All the tested organisms were supplied by the Biotechnological Research Center, Al-Azhar University (Cairo, Egypt); the bacteria were maintained on NAM and the yeast on potato dextrose agar (PDA) medium (peeled potato 200 g, dextrose 20 g, agar 18 g in 1000 ml distilled water).
Gram-positive bacteria comprised Bacillus subtilis (NCTC 1040), Staphylococcus aureus (NCTC 7447), and Sarcina maxima (ATCC 33910); Gram-negative bacteria comprised Escherichia More Details coli (NCTC 10416) and Pseudomonas aeruginosa (ATCC 10145); and the yeast was Candida albicans (IMRU 3669).
| In-vitro antagonism assay|| |
A definite concentration of the crude extract (1 mg/ml) was prepared, 10 μl was used to saturate a 6 mm filter paper (Whatman 4) and was placed in Petri dish More Detailses coated with NAM for bacteria and PDA for yeast. Both media were previously inoculated with a 0.1 ml spore suspension of the pathogens  .
The previously mentioned bacteria were incubated overnight at 37°C for 24 h, whereas yeast was cultured at 28°C for 4 days. The inhibition zones were measured in mm.
To assess the role of the salinity and components in the media on the production of bioactive metabolites, the promising isolated bacterium was cultivated in 250 ml flasks containing 100 ml of the following media:
Media I (50% seawater), containing (g/l): yeast extract 3, glucose 10, meat extract 1.5, and peptone 6.
Media II (50% seawater), containing (g/l): yeast extract 4, glucose 4, and malt extract 10.
Media III (100% seawater), containing (g/l): yeast extract 4, glucose 4, and malt extract 10.
Media IV (50% seawater), containing (g/l): peptone 5 and yeast extract 1.
Media V (100% seawater) containing (g/l): peptone 5 and yeast extract 1.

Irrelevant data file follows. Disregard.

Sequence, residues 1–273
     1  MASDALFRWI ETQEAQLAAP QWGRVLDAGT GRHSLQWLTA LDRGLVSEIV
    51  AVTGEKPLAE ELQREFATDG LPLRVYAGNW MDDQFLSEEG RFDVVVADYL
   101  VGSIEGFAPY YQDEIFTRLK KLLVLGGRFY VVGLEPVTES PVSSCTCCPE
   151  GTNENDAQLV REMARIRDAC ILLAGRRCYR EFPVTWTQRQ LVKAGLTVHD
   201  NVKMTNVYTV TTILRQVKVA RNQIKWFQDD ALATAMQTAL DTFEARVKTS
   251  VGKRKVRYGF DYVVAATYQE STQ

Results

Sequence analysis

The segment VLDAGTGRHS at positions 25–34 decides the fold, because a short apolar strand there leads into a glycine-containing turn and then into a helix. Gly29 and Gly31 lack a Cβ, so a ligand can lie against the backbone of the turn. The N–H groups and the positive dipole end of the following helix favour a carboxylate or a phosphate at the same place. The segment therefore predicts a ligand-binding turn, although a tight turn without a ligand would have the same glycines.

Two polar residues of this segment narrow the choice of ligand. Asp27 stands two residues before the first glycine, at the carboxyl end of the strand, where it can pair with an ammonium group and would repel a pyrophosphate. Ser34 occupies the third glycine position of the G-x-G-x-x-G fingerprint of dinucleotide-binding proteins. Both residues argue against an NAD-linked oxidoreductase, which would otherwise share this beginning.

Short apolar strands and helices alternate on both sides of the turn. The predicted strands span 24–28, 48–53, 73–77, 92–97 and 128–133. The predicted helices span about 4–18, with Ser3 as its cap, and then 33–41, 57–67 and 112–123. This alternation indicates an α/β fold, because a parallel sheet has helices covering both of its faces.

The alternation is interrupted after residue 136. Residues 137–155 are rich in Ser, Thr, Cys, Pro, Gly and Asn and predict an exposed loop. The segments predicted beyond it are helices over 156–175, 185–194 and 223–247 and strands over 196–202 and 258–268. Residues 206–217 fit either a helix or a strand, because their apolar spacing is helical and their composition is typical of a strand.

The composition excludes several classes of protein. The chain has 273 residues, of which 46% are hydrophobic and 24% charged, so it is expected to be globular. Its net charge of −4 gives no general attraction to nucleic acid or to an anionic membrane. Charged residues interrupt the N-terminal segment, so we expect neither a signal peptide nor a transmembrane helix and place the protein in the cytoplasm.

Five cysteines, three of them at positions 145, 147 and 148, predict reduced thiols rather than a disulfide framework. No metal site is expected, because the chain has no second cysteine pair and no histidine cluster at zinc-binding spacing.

PCR 16S rDNA and electrophoresis
DNA extraction and PCR amplification of the 16S rDNA region were carried out. DNA was isolated from the isolates (A4) according to the method prescribed by Sambrook et al.  . The 16S rDNA was amplified by PCR using primers designed to amplify the 1500 bp fragment of the 16S rDNA region. The forward primer was 5Ͳ-AGAGTTTGATCMTGGCTCAG-3Ͳ and the reverse primer was 5Ͳ-TACGGYTACCTTGTTACGACTT-3Ͳ. The PCR mixture consisted of 30 pmol of each primer, 10 ng of chromosomal DNA, 200 μmol/l dNTPs, and 2.5 U of Taq polymerase in 50 μl of polymerase buffer. The PCR was carried out for 30 cycles at 94°C for 1 min, at 55°C for 1 min, and at 72°C for 2 min. After completion, a fraction of the PCR mixture was examined using agarose gel electrophoresis  . DNA sequences were obtained using a 3130X DNA Sequencer (Genetic Analyzer; Applied Biosystems, Hitachi, Japan) and BigDye Terminator Cycle Sequencing (see details below). The PCR product was sequenced using the same PCR primers. Blast program was used to assess the DNA similarities and multiple sequence alignment and molecular phylogeny were performed using BioEdit software  .
Automated DNA sequencing based on the enzymatic chain terminator technique, developed by Sanger et al.  , was performed using the 3130X DNA Sequencer (Genetic Analyzer; Applied Biosystems). The sequencing reaction was performed with four different fluorescent labels identifying the ddNTPs instead of the radioactive labels. These fluorophores were excited with two argon lasers at 488 and 514 nm when the respective bands passed the lasers during the electrophoresis. The specific emissions were detected and the data were collected for analysis , . The thermal cycling mixture was as follows: 8 μl of BigDye Applied Biosystems, Foster City, California 94404, USA terminator mix, 6 μl of the sequencing primer (10 pmol), and 6 μl of the sample (PCR product or plasmid); the reaction was then run in the thermal cycler. The cyclic reaction consisted of 1 min at 95°C, followed by 49 cycles of 30 s at 95°C, 10 s at 52°C, and 4 min at 60°C. The products were purified using a special column according to the instructions of the manufacturer. The elute was taken and high dye formamide was added at 1 : 1/volume ratio; the reaction was run at 95°C for 5 min for denaturation, shock on ice, after which the sample was ready for sequencing and analysis in the 3130X DNA sequencer.